Traditional geographic and sectoral categories used for capital markets benchmarks have been widely rejected by institutional infrastructure investors, according to a survey by the EDHEC Infrastructure Institute (EDHECinfra).
Of the 203 investors surveyed, including 101 capital owners, most would prefer to segment infrastructure markets by their level of economic development or investability.
EDHECinfra, launched by the EDHEC-Risk Institute with support from the G20 and World Bank, has been collecting data since 2015 to build benchmarks for an asset class whose performance has been notoriously difficult to measure.
Its survey suggests that, when measuring performance, 35.1% investors would prefer to segment the market by economic development – for example, by separating OECD countries and emerging markets.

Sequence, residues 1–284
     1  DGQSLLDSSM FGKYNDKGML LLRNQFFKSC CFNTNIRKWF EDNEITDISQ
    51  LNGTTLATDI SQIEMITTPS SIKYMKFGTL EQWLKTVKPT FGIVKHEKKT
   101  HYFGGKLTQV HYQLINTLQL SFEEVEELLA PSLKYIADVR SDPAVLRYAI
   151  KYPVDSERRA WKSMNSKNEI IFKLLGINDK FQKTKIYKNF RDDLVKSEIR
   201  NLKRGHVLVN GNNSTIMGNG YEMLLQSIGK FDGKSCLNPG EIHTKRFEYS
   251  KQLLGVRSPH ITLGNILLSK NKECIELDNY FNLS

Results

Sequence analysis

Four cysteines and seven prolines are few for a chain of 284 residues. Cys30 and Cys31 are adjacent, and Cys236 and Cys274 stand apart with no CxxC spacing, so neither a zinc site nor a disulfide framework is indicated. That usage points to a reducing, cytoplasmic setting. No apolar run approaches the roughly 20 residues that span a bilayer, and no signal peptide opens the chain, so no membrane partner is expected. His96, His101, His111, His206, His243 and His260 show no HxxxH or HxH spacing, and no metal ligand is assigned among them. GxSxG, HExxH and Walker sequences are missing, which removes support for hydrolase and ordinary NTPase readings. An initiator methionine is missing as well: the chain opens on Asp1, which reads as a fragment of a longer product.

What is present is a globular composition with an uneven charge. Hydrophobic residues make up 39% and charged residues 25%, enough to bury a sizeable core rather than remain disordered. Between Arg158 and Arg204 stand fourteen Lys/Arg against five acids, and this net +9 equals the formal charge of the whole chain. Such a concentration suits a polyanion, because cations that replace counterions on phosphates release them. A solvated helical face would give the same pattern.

A smaller proportion (31.6%) favour segmentation by the size and state of the investable market, including the number of active companies and regulatory environment.
Only 9.4% prefer a broad, traditional capital-markets segmentation, while 24% favour segmenting geographically by five main global continents.
The vast majority of investors (90%) also said it was relevant or highly relevant to segment infrastructure investments by business model – for example, contracted or regulated.
There was less consensus on how on the segmentation of infrastructure by corporate structure: 37% favour project finance-specific benchmarks; 20% would prefer an infrastructure corporates-only index; 42% would rather use benchmarks that combine both.
The report by EDHECinfra said: “what matters to investors is gaining exposure to systematic, rewarded and persistent risk factors”.